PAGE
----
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Health forum calls to avert new HIV/AIDS infections
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21:51, February 24, 2009

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Health experts from East Africa kicked off a two-day meeting in Nairobi on Tuesday by calling on regional governments to stem the spread of new HIV infections.

The three-day East African Community (EAC) conference dubbed "HIV prevention think tank" is discussing approaches that should be scaled up due to their impact, and those that should be given less prominence and funding.

Speaking during the opening of the meeting, the UN program on HIV/AIDS (UNAIDS) regional director for Eastern and Southern Africa Mark Stirling urged the countries to formulate new strategies to reduce the rate of new HIV/AIDs infections by half by next year.

"We need to forge synergies as a region in line with the new trend of forming global alliances in the fight against Aids as we endeavour to realize universal access to services," Stirling said.

Kenya's Special Programmes Assistant Minister Mohamud Ali said HIV/AIDS remained the biggest threat to the socio-economic development of the region.

"In Kenya for example, more than 1.4 million people are living with HIV, with the country's HIV prevalence rate standing at 7.8 percent," Ali told the forum, which is the first of its kind in the region and is being held by the EAC in partnership with the UN program on HIV/AIDS.

He said as the East African region makes great strides in trade and other related matters, "our countries should expand cooperation to fight against HIV and AIDS as well as other ailments that face us."

Ali said Kenya was now developing a new HIV and AIDS strategic plan that is expected to become operational in July.

Currently, more than four million adults and close to 420,000 children in the region are now living with HIV while more than 2.7 million children have been orphaned by the disease. The meeting seeks to build political commitment in fighting HIV and AIDS in the EAC states.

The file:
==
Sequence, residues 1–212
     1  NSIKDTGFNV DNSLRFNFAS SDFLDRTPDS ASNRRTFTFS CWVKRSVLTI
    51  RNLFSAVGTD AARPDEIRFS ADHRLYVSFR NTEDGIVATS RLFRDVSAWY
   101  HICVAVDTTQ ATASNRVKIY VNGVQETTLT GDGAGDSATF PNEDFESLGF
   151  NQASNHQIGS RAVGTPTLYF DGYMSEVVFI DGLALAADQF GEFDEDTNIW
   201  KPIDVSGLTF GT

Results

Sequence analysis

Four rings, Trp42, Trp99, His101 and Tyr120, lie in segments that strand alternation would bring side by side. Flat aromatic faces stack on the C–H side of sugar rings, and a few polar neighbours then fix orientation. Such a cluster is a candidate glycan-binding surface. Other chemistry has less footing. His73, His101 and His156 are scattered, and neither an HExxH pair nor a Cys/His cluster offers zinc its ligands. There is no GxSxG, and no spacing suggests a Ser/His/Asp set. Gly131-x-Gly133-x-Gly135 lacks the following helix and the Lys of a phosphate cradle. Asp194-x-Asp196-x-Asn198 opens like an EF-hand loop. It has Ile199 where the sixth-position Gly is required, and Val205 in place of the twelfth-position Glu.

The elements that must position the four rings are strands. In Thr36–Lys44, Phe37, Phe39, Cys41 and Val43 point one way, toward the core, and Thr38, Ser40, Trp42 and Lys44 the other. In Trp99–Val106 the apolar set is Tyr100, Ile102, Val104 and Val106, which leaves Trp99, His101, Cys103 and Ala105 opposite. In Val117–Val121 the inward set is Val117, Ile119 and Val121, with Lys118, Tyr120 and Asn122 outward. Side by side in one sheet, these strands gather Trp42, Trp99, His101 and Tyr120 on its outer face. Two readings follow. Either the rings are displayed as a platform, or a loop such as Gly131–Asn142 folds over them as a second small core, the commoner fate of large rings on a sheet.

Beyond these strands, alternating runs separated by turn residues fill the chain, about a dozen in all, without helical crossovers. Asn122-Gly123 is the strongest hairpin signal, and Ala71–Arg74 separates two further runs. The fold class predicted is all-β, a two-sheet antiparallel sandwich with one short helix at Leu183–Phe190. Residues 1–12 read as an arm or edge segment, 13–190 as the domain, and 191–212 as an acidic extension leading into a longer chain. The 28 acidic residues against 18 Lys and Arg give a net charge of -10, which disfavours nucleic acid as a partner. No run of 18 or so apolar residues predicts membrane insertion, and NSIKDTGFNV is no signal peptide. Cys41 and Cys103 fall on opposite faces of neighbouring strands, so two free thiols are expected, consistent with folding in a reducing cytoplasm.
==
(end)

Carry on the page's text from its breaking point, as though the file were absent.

Last week, Kenya doctors sounded an alert over the high number of new HIV infections among married couples in particular. They said the trend was likely to constrain treatment.

At least between 55,000 to 100,000 new HIV infections are reported on an annual basis mostly among married couples, posing a serious challenge to the provision of anti-retroviral drugs, said Nicholas Muraguri, the director of the National AIDS and Sexually Transmitted Diseases Control Programme (Nascop).

"In a bid to address the high level of new HIV infections, the Public Health ministry has launched a campaign dubbed Concurrence campaign, which aims at promoting fidelity in marriages and encouraging couples to know their HIV status," said Muraguri.

The proposed plan will target the provision of quality integrated services at all levels to prevent new HIV infections, reduce HIV-related illness and deaths and mitigate the effects of the epidemic on households and communities.

EAC Health Coordinator Stanley Sonoiya said that in the past, there had been too much emphasis on treatment rather than prevention.

"From what we have seen I think we have to go back to the basics, which says prevention is better than cure. The economies of the East African countries cannot sustain the treatment," said Sonoiya.

He added that the meeting's agenda would include the creation of political awareness of steps that required cooperation between EAC partner states. "It is also an important element of the EAC member states on the 2005 declarations on achieving universal access to HIV prevention, treatment and care," he said.

The meeting has drawn participants from Burundi, Kenya, Rwanda, Uganda, United Republic of Tanzania and Zanzibar.

Adult HIV prevalence ranges from two percent in Burundi to 7.8 percent in Kenya.

UNAIDS, East and Southern Africa HIV Advisor Hellen Jackson said there was need for results in HIV prevention in order to sustain treatment.

"You can imagine if each person who has HIV progresses to AIDS, the financial burden of sustaining treatment becomes enormous and the only way to make sure it is sustainable is to turn off the tap of new infections," she said.

"Otherwise down the line, no countries are going to be able to afford to keep up the treatment."

The National AIDS Control Council (NACC) said that the highly publicised ABC method of Abstain, Be faithful or use a Condom to prevent the spread of HIV needed to be supplemented with other preventative strategies to be more effective.

NACC director Alloys Orago said as they shifted their campaign to prevention of new infections, the council had set aside about 23 million Kenyan shillings (about 288,000 U.S. dollars) for prevention strategies to boost the existing ones.

"There are other new initiatives that we think should complement ABC. So it is the new that we are adding to what you already know to make a difference because we are looking for a combination that will deliver us to the promised land making sure that there are no more new infections," Orago explained.

He said the council wanted to bring on board strategies backed up by evidence that if implemented within communities would make a difference.

"The ultimate goal is to ensure that we reduce new HIV infections and we are also able to control morbidity and mortality that is characteristic of HIV infections within the region."


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